I have been lucky to work and travel all over the world. In a current project, called ’75 Countries’, I am going through the archive to see what stories there are to re-tell. I can see that, to varying degrees, I have always tried to understand the people that we encountered.
I am inspired by the ‘greats’, like Robert Frank and Walker Evans.
Frank said “Above all, life for a photographer cannot be a matter of indifference”, and I feel the same way.
I feel my photography should have a purpose, stronger than it has to date.
More recently, I find myself drawn to the work of Hiroji Kubota, a Japanese-American Magnum photographer. His imagery of China and North Korea, from 1979 onwards, exemplify a useful crossover between travel, documentary and journalism.
Kubota said “I think everybody has a great drama to talk about. Everybody”. And he’s right!
Throughout my photographic practice, I have always been interested in colour. That’s perhaps because I used to paint.
I am especially intrigued by the work of Saul Leiter and Alex Webb. They use colour differently, with abstraction on one hand, and layers of action on the other.
Webb is a master story-teller, and a master of timing. Leiter, a master of light.
As I develop my own practice, I want to go beyond how I currently see and use colour, to develop more of a signature style.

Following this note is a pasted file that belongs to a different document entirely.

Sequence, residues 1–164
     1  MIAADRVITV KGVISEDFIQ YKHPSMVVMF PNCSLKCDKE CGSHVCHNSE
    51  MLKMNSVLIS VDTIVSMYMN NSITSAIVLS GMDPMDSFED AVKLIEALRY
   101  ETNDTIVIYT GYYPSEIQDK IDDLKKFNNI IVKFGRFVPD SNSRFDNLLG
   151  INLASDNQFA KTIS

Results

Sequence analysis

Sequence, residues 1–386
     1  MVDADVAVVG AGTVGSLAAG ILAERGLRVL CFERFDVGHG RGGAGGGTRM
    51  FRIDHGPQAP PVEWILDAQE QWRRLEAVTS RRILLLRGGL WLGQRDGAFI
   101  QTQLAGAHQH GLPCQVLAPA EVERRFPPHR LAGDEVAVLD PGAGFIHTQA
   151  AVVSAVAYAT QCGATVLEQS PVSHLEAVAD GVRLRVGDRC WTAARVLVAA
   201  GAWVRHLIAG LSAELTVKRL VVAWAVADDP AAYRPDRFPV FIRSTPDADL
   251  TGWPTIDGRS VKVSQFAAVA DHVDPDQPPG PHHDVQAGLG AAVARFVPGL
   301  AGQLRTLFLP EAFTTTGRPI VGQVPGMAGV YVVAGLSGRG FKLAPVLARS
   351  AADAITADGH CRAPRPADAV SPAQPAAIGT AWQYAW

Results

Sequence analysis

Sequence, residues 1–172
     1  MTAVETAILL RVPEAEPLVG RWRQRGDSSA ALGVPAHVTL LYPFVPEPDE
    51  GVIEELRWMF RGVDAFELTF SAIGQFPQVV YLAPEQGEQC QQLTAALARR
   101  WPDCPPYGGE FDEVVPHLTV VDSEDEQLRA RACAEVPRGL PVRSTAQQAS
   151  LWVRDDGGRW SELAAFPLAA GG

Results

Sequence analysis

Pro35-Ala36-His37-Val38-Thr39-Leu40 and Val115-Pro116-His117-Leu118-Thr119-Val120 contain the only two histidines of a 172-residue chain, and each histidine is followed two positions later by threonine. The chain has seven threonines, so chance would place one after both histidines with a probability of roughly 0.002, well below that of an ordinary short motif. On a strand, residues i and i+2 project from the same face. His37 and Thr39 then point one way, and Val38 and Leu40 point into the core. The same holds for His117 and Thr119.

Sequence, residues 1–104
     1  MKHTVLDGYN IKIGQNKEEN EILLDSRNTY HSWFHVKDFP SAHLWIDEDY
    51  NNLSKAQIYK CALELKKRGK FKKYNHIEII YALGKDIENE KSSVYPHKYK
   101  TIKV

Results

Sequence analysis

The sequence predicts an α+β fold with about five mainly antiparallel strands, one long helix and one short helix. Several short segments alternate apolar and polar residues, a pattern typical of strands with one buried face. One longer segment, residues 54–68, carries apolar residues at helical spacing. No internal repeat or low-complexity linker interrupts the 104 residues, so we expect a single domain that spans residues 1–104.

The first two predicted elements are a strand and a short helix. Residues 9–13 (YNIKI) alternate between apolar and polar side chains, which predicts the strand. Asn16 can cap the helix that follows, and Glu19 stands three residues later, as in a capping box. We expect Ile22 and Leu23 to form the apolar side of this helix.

When travelling, it always seemed quite easy to make a connect with people, and take their photograph. Sometimes this allowed me to do fun street portraits, and sometimes something more important.
This includes my work on the Sugar Daddy culture in East Africa, and the HIV Aids epidemic.
For me, colour, light, and being able to move from the whole scene to the specific individuals in it are key. People are central to how I want my photography to continue to develop.
As I have begun to more formally understand my photography practise, I realise that ‘storytelling’, however peripheral, has always been part of how I have tried to shoot – looking for context, cultural and social clues.
I found Liz Well’s book ‘Photography’ really helpful in distinguishing critical elements of an image – cultural, political and documentary context.
And I find David Campany’s exploration of the development of photography positively challenging – especially the idea of traces and the creative use of archives.
In that regard, I am also drawn to Wolfgang Tillman’s eclectic approach, using varying imagery and styles to fully tell the story.
So let me turn to the project.
We first visited Cambodia in 1994. Unbeknownst to us at that time, part of the country was still under Khmer Rouge control, 15 years after Vietnam invaded Cambodia and stopped the Genocide. At the time, I was a tourist, though I did visit Tuol Sleng (the S21 interrogation centre) and Choeung Ek (the Killing Fields).
Subsequently, Ingrid and I developed an interest in all things Cambodian.
In 1999 (after Pol Pot’s death) we were able to fund a reasonably significant primary school building program in Khmer Rouge areas. We did this in partnership with Save the Children (Norway) and the Provincial Education Office of Siem Reap. We went back many times, and I documented things in words and pictures.
Ingrid and I got to know many of the ‘actors’, included some ex-Khmer Rouge. We were also able to broker two major grants from Japan to really expand the program.
The MA program have already shown me that I need to do much more than I did at that time, photographically.
I did not do full justice to the people and how those years have affecting both their personal lives and Cambodian society as a whole.
Even today, despite the best efforts of NGOs, the UN and various Government departments, education is not what it needs to be in Cambodia.